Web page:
What is this poem doing? It is certainly a very odd creation. Paraphrased — i.e. transposed to everyday concepts — its notions are preposterous, unbelievable. They might be viewed as objective correlates to vague thoughts or moods, but we should be very reluctant to attribute truth or reality to them. But is the transposition valid? The poem, after all, employs some very devious and unusual strategies in trying not to make sense in any literal way. It says, in effect: follow these associations and comparisons (metaphors and similes) and you will be led to a very troubling view of the world, unusual but perhaps also compelling. You judge an Elizabethan sonnet by its accordance with a Tudor view of the world, and you must judge this from its own view too — one that feels a kinship with the natural world, and sees differences in degree rather than kind between animate and inanimate matter.

Conclusions: Suggested Improvements

Two questions need to be asked. Does the poem work in its own terms? And do we accept those terms as a valid and convincing view of the world?

Respecting the first, we should probably ask the following: —

  • Is Impatient the right word to describe nature's restless energy?

  • What does flurrying the grit....the aggregate contribute to the poem, beyond adding some local colour?

  • What exactly of past days is glinting through?

  • Do we wish the bureaucrats to seem mechanical with whirring?

  • Would not "evacuated" be better than vacuumed in this context?

  • Are the they and we sufficiently emphasized to concentrate attention?

  • Webs suggests buildings being constructed or cleaned. Is this wanted?

The second question is much more difficult to answer. Outlooks are not to be judged by originality (or schizophrenics would write better poetry) but by largeness and coherence of view. Until we saw many poems on this and similar themes we would probably suspend judgement.

Some of the shortcomings have been corrected in a new version, now entitled Office Workers.

This and other pages in the Literary Criticism section are now available as a free pdf ebook from Ocaso Press entitled 'Ten Approaches to Literary Criticism'.


1. George Whalley's Metaphor entry in Alex Preminger's (Ed.) The Princeton Handbook of Poetic Terms (1965).
2. G. Lakoff and M. Johnson's Metaphors We Live By (1980), G. Lakoff's Women, Fire and Dangerous Things: What Categories Reveal about the Mind (1987) and M. Johnson's The Body in the Mind: The Bodily Basis of Meaning, Imagination and Reason (1987).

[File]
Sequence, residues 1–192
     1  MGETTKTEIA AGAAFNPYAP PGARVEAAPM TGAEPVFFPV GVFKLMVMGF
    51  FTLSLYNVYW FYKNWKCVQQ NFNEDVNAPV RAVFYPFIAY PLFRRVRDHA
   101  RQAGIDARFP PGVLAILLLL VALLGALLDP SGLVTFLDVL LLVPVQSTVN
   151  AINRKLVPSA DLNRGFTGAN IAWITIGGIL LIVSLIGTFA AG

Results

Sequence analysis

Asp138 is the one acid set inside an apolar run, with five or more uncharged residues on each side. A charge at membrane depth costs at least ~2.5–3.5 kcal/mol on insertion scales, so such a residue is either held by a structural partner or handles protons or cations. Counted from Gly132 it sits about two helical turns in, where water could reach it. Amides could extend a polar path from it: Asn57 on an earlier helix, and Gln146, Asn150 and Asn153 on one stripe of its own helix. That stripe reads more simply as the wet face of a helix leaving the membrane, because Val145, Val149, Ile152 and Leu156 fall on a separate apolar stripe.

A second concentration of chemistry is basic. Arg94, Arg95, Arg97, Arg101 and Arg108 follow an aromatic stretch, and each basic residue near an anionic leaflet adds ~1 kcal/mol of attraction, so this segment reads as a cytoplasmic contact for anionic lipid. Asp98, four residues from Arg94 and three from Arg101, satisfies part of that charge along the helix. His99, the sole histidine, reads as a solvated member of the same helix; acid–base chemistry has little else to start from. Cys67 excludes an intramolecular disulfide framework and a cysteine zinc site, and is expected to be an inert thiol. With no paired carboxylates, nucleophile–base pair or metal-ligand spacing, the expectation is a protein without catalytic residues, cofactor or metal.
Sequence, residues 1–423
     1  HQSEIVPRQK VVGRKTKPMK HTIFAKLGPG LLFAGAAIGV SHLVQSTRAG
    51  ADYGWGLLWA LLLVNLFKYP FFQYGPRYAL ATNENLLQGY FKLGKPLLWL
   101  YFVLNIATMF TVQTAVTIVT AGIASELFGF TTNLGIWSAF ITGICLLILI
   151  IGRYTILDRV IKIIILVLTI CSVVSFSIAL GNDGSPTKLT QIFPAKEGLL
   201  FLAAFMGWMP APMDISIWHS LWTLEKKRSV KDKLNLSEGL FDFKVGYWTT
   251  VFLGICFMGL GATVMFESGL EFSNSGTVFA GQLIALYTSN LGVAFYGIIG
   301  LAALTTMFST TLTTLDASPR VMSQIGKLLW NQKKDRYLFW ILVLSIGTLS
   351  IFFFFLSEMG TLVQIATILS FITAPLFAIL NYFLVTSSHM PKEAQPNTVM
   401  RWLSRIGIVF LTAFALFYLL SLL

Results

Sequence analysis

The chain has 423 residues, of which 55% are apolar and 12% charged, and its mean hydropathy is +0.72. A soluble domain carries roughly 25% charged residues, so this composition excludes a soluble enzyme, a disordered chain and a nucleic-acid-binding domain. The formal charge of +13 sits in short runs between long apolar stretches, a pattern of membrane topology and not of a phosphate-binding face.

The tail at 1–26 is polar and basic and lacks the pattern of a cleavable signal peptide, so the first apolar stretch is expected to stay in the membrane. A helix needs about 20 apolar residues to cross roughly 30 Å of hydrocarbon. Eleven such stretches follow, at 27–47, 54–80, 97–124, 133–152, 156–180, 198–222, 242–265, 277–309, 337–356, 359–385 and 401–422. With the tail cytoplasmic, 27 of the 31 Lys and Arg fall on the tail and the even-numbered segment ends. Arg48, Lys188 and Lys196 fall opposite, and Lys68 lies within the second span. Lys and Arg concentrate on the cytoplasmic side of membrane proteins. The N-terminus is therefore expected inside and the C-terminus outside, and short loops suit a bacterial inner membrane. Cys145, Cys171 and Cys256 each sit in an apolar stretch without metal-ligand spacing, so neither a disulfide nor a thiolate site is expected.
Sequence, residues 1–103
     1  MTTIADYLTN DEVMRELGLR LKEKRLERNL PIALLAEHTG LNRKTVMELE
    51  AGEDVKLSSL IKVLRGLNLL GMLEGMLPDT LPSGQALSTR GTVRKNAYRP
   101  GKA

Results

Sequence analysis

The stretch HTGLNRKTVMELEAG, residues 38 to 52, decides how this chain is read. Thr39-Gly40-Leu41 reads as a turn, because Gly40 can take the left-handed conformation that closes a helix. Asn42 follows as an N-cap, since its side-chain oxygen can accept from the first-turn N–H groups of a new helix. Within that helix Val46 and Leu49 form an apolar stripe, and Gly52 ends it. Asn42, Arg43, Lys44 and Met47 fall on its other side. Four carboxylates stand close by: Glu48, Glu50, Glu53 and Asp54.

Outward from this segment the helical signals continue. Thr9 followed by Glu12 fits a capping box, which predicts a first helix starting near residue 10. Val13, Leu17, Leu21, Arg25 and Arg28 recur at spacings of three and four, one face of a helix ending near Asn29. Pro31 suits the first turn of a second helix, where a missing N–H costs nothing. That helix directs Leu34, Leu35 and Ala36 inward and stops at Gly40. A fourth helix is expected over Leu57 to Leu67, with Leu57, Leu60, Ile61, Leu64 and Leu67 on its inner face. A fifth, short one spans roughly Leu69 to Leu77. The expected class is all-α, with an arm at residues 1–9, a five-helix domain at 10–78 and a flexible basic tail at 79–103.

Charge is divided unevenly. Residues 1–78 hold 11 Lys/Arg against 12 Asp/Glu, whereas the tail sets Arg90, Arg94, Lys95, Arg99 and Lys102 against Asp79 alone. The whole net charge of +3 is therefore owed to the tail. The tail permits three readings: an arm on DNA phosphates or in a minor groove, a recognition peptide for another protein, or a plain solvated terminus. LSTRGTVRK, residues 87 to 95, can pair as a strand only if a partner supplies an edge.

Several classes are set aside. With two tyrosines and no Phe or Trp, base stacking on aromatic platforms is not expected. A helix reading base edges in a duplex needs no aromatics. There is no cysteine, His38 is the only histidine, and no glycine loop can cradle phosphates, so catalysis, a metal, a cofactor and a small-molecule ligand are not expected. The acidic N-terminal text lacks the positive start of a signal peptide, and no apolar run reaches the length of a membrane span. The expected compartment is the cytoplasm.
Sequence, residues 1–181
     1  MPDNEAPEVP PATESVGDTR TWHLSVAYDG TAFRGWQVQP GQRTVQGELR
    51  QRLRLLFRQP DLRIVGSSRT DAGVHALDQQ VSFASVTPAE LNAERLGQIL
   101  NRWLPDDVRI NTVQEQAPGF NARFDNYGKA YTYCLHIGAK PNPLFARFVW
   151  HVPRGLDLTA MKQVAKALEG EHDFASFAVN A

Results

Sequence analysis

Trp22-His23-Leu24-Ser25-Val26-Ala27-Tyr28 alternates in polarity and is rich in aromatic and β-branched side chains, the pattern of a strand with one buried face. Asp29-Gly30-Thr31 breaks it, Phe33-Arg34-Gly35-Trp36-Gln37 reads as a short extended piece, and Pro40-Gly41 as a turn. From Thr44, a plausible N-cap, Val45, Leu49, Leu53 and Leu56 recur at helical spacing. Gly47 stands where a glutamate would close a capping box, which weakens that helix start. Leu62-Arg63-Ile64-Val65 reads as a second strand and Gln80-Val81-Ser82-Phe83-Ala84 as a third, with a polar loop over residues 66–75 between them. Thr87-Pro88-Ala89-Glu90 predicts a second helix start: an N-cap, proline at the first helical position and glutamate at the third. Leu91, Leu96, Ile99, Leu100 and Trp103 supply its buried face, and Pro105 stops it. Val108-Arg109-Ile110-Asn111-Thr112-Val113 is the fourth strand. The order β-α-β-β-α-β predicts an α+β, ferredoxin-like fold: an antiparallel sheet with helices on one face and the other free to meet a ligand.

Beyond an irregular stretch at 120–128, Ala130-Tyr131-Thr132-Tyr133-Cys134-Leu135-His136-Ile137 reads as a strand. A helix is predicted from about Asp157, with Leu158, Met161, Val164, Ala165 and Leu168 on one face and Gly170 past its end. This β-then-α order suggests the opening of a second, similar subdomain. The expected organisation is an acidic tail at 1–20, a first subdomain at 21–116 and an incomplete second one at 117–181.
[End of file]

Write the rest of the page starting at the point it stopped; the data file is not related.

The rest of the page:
3. Briggs and F.D. Peat's The Turbulent Mirror (1989), and R. Lewis's Complexity (1993).
4. See any programming handbook, e.g. David Flanagan's Java in a Nutshell (1996).
5. Contributions and bibliographies of David Leary's Metaphors in the History of Psychology (1990). Also references in Andrew Goatly's The Language of Metaphors (1997).
6. James Fernadez's Introduction in his (Ed) Beyond Metaphor: The Theory of Tropes in Anthropology (1991).
7. Paul Friedrich's Polytropy in Fernadez 1991.

Internet Resources

1. Understanding the basics of metaphor in poetry. Garry Smith. 2002. Straightforward account of literary use: Dylan Thomas poem example.
2. Poetry and the scope of metaphor: Toward a cognitive theory of literature. Margaret H. Freeman. 1988. Outline of paper in Metaphor & Metonymy at the Crossroads.
3. Glossary of Poetic Terms. Useful definitions, examples and quotations: includes metaphor.
4. Links to Rhetorical Theory Notes. Excellent notes on and reading lists for rhetorical theory.
5. Metaphor and Meaning. William Grey. 2000. Literary use of metaphor in some depth.
6. Philosophy and Rhetoric, Argument and Exploration. Doug Brent. Oakeshott and Burke's views of rhetoric.
7. Metaphor and Figure-Ground Relationship: Comparisons from Poetry, Music, and the Visual Arts. Reuven Tsur. Feb. 2000. Further dimensions of metaphor.
8. George Lakoff. Jan. 2004. Introduction to Lakoff and controversies raised.
9. Construction Grammar. Laura A. Michaelis. Introduction plus related sites listing.
10. Does Cognitive Linguistics live up to its name? Bert Peeters. Review of current work in cognitive linguistics. NNA
11. George Lakoff: The Theory of Cognitive Models. Francis F. Steen. Apr. 1997. Critical review of Lakoff's work.
12. 16. Mark Turner. Home site, with publications, etc. and links.
13. From Iser to Turner and beyond: Reception theory meets cognitive criticism. Craig A. Hamilton and Ralf Schneider. 2002. Detailed review of trends.


C. John Holcombe   |  About the Author    |     2007 2012 2013 2015.   Material can be freely used for non-commercial purposes if cited in the usual way.